4. The mediator can help you overcome obstacles to communication with the other person or party in your dispute:

    Even if you have already tried to talk it out or negotiate with the other or party, a mediator can help you and the other party listen to each other and keep you focused. A mediator is there to help both sides communicate and explore possible solutions.  If you and the other party get stuck, the mediator can sometimes help restart the conversation in a new way and help everyone take another step forward. 

  5. Mediation agreements are enforceable:

    If you reach an agreement in mediation, that agreement must be put into writing and signed by the parties.  The written agreement becomes a legally binding document (contract), which is enforceable by the court.

  6. A mediated agreement allows you and the other person or party to reach flexible solutions to your dispute:

    Mediation provides you with an opportunity to be creative with your solutions.  If both sides agree, you can reach a settlement agreement specific to your individual needs.  Mediation is different from litigation (a trial), where the judge or jury makes a final decision.  With mediation, both sides can “win,” this is called a “win-win” situation.

  7. Mediation is not a trial nor an arbitration:

    Mediation is neither a trial nor an arbitration.  In a trial, the parties present evidence and argument so a judge or jury decides the outcome of the dispute.  Likewise, in arbitration, the parties present evidence and arguments so an arbitrator or panel of arbitrators decides the outcome of a dispute. In mediation, the mediator assists the parties as they talk about their dispute to help them find and explore mutually acceptable resolutions of their dispute.  If you reach an agreement at mediation, you do not have to go to trial or arbitration. 

  8. Mediation can save time and costs:

    Since mediation is a discussion between the parties, it can be much quicker than the formal trial process. Thus, it may also cost less than going to court - in both dollars and stress. 

  9. You know what you have agreed to in mediation instead of gambling with what the judge or jury may decide if you go to court: 

    If you resolve the dispute in mediation, you are not gambling on what the judge or jury might decide. In a trial, the final decision will be made by the judge or the jury (if there is a jury). It is uncertain what decision will be made at trial, but you will be bound by that decision whether you agree with or like the outcome of the trial. At mediation, the parties make the decisions.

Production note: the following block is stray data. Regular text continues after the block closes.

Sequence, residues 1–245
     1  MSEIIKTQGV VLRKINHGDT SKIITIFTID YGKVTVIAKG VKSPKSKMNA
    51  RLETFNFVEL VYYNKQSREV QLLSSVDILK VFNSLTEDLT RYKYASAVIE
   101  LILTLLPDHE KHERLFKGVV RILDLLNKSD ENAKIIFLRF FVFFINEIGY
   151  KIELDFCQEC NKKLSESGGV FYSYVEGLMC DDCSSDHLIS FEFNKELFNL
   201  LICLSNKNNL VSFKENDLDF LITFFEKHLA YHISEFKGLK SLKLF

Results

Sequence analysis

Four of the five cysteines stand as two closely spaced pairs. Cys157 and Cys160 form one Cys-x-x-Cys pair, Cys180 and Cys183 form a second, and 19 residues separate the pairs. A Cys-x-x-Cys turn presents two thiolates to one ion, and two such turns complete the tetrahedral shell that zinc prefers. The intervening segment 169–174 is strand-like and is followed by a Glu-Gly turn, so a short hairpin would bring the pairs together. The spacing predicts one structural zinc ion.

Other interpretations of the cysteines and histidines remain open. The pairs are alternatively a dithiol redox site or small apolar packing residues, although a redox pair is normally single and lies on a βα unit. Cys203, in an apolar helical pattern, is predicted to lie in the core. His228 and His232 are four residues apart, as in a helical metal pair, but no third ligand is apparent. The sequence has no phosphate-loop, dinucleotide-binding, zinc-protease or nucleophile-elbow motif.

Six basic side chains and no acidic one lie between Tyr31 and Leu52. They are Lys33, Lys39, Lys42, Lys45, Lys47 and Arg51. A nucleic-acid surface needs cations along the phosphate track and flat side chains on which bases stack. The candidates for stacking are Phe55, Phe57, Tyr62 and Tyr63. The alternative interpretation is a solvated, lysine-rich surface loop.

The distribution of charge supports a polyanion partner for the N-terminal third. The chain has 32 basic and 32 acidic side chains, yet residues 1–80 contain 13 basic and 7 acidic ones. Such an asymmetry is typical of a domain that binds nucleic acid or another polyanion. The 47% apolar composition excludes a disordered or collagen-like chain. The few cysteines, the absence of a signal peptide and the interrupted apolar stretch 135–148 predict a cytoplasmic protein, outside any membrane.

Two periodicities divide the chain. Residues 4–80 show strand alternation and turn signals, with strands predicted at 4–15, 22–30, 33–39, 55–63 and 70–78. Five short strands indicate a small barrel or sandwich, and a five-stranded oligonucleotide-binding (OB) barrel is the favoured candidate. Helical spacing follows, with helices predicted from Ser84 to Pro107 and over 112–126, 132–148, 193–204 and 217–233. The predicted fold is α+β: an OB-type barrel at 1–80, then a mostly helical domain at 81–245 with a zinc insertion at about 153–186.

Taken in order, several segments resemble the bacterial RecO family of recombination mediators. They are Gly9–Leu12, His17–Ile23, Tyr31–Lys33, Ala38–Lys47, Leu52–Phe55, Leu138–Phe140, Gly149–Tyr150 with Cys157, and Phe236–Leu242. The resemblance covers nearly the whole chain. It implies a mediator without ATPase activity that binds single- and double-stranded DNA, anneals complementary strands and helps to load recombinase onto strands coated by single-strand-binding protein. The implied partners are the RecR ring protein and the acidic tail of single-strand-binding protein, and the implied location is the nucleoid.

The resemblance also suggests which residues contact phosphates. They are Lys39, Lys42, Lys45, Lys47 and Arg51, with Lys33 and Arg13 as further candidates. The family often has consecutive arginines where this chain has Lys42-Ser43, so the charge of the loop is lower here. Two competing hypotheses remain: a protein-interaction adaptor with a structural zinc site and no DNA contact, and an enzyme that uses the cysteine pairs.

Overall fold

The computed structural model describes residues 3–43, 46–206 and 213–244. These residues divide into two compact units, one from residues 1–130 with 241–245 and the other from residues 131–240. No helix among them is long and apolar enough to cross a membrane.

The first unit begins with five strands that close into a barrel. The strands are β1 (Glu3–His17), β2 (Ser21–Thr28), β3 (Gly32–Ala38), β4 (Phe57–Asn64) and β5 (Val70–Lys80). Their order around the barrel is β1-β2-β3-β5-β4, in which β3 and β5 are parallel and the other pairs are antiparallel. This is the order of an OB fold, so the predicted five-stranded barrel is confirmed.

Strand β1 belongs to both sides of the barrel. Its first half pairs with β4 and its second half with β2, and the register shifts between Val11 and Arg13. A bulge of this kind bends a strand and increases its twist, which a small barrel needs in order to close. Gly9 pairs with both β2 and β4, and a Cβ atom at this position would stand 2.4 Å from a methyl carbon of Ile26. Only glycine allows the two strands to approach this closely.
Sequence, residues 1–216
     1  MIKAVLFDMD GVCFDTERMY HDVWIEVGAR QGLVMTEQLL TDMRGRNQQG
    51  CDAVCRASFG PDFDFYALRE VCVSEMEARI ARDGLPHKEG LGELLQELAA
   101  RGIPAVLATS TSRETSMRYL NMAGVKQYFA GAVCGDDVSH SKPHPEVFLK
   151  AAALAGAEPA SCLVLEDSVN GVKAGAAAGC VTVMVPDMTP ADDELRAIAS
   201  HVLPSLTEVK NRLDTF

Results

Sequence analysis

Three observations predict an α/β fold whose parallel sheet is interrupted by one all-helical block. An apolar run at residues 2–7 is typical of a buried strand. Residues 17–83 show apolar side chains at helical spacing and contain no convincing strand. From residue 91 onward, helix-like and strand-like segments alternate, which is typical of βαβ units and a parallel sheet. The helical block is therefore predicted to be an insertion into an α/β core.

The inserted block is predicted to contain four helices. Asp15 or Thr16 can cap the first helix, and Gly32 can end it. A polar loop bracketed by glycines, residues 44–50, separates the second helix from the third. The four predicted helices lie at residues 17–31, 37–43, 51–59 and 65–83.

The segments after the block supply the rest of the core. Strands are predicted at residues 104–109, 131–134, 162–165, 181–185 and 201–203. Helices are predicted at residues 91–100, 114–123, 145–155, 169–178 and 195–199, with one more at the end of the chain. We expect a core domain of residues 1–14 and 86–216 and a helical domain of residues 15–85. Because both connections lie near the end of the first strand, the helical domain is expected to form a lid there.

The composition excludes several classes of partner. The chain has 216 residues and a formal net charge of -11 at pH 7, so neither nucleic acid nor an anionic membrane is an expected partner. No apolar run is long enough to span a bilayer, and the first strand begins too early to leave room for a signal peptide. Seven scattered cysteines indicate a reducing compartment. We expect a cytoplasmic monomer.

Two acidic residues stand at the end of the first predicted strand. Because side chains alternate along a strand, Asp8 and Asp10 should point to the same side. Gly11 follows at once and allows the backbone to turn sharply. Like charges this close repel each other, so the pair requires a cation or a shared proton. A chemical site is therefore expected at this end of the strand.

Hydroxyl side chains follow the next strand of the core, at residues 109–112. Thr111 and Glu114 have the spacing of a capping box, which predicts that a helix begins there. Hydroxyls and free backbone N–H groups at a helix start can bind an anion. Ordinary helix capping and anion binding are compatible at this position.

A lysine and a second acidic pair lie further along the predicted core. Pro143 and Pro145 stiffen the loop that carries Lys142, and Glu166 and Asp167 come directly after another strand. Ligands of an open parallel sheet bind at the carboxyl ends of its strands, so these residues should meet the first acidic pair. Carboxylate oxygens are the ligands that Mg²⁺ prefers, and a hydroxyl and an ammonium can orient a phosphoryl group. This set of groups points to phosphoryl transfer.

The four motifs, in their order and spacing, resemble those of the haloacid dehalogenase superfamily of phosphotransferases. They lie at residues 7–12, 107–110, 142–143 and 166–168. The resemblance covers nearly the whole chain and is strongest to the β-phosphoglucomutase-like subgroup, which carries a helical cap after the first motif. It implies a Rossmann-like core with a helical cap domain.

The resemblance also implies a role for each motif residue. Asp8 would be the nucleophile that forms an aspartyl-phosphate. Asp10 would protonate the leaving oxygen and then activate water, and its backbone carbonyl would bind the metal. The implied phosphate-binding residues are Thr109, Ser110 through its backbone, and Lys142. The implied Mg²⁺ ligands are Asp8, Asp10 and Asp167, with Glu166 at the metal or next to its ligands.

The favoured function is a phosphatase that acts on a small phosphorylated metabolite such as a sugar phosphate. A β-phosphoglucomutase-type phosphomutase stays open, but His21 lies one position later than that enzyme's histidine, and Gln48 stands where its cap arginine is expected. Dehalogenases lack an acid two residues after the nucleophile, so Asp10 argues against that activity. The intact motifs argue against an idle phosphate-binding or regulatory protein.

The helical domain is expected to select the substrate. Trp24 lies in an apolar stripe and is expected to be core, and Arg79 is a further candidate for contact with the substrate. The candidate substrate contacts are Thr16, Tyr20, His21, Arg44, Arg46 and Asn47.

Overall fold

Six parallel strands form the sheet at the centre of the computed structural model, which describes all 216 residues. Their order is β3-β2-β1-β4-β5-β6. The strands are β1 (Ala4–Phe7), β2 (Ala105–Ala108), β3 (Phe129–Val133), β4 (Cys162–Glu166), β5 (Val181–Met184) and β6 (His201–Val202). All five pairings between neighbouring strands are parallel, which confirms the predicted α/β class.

10. Mediation is an opportunity to gain a greater understanding about why the dispute arose:

    In mediation you are talking with each other, the mediator, and your attorney if you bring one.  This interaction promotes a better understanding of the actions that lead to the conflict.  Sometimes when the parties understand the “why” of the other person’s actions, it helps create a desire to resolve the dispute.

 

What is a mediator?

A mediator helps you talk with the party with whom you are having a dispute. The mediator does not make decisions for you. The mediator is a neutral and impartial guide to help you come up with possible solutions, stay on track, and clarify areas of agreement and disagreement.  The mediator may help you and the other party see the conflict from each other side’s point of view.

Many kinds of people can be mediators: mental health or business professionals; attorneys; educators; and others. To become certified by the Florida Supreme Court, a mediator must meet many requirements. There are ethical standards for mediators adopted by the Florida Supreme Court.  See the Standards of Professional Conduct in Part II of the Florida Rules for Certified & Court-Appointed Mediators.

A mediator is not there to provide therapy, counseling, business or legal advice. While mediation is a good place to recognize the emotions that may be driving the dispute, the mediator is there as a neutral to help you focus on resolving your dispute.

What happens in mediation?